The Benefits of Saunas

Most of us have tried a sauna at one time or another in our lives. We have sat in the hot environment sweating profusely for as long as we felt we could and then jumped into a cold shower or bath.

And then repeat the sauna/cold shower routine again (and again maybe).

The physiological responses we experienced from the sauna can vary, some people feel invigorated and energised whereas others can be drained and lethargic. Regular sauna users comment that "good sweating" offers them the opportunity and the space to think, to be creative and to escape from their everyday lives.


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But what are the benefits of saunas?

We will begin by dispelling a myth associated with saunas that it detoxifies the body. There are claims made that the action of heat and sweating in the sauna releases toxins and poisons that may be present beneath the skin. Every day we are exposed to various chemicals either from the atmosphere, physical contact or through the food we eat. Our bodies are actually pretty effective at getting rid of the things that it does not require and the 'toxins' are broken down by the liver into the blood or bile before being filtered by the kidneys (or the intestines). They are then excreted in the urine or feces, but not sweated out of the body.

Sweating is an automatic response of the body to overheating and the primary objective of sweating is to cool the body. The content of sweat is primarily water with some trace of minerals, which does not warrant the use of the phrase detoxification when it comes to using a sauna.

Psychological Advantages of Saunas

Many of the real benefits of saunas stem from the psychological rather than the physiological systems of the body. For example, there are many claims made that saunas relieve stress. By frequenting a sauna on a regular basis then you are allowing yourself the time to be in a quiet space without any external distractions. There are no mobile phones or laptops in saunas so you can cut yourself off from the perennial blasts of electronic communication many of us are constantly faced with. In addition, although saunas are often a private place for contemplation, often they can be quite sociable places to catch up with friends and acquaintances.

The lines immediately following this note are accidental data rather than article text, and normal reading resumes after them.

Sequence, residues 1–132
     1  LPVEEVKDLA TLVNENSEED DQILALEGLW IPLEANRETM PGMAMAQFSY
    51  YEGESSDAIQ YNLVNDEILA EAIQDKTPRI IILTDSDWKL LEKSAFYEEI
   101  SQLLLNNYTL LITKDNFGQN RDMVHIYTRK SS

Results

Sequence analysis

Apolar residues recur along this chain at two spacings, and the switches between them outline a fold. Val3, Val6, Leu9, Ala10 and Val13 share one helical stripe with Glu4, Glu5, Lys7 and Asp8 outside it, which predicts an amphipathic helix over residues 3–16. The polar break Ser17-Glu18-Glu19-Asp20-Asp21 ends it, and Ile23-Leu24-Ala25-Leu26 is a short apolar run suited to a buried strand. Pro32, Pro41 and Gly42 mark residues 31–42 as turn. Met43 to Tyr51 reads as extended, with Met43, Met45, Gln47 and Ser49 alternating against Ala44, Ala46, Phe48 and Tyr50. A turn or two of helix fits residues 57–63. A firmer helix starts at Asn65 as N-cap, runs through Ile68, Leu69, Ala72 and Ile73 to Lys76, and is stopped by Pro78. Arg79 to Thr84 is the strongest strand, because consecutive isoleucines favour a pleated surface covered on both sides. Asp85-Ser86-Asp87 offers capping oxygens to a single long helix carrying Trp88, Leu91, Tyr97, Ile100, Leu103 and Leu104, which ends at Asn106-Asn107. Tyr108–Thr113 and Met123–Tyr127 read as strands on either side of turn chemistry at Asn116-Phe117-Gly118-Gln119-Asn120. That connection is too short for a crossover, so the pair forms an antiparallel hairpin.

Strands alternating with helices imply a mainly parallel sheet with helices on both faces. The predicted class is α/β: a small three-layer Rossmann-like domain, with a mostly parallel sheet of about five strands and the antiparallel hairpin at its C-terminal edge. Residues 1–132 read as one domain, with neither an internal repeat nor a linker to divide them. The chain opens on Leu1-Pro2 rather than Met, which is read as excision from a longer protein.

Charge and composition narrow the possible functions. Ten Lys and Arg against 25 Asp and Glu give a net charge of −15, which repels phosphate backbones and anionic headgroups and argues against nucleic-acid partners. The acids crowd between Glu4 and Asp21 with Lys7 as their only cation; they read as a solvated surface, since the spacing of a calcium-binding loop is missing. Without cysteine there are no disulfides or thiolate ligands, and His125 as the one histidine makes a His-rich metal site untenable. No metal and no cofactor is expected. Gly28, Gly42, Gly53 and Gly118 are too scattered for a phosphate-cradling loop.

A common finding from those who use saunas is that the quality of their sleep can be improved. Studies have indicated that sauna use can lead to more relaxed and effective sleep.

Regardless of your reasons for being in a steam room or the like, one positive aspect is that people just find that they make them feel good. Whether it is the heat of the room, the socialisation or the mental and physical downtime, taking a sauna lifts ones mood.

Physiological Advantages

If you are feeling stiff and sore or tired and lethargic then taking a sauna can help relax and loosen tight muscles. The moist heat feels as though it penetrates the deeper layers of the soft tissues in a similar way to an effective deep tissue massage. Some people believe that it helps them recover from intense exercise so that it may improve the quality of their training.

The superficial blood vessels may dilate which probably leads to an increase in circulation which in itself may aid the natural healing processes of the body.

Another potential physiological reason that some people visit saunas is to improve the quality of their skin. The intensity of the heat and the sweating feels cleansing to the skin (particularly if combined with some kind of skin brushing). Dead skin cells may be replaced and clogged pores or sweat ducts may become unblocked.

Despite the potential advantages of using saunas, there are some precautions and recommendations about the use of saunas and it is advisable to investigate whether there are reasons why you should not use them (or how long you should stay in them). If you are in doubt then it is a good idea to consult your doctor.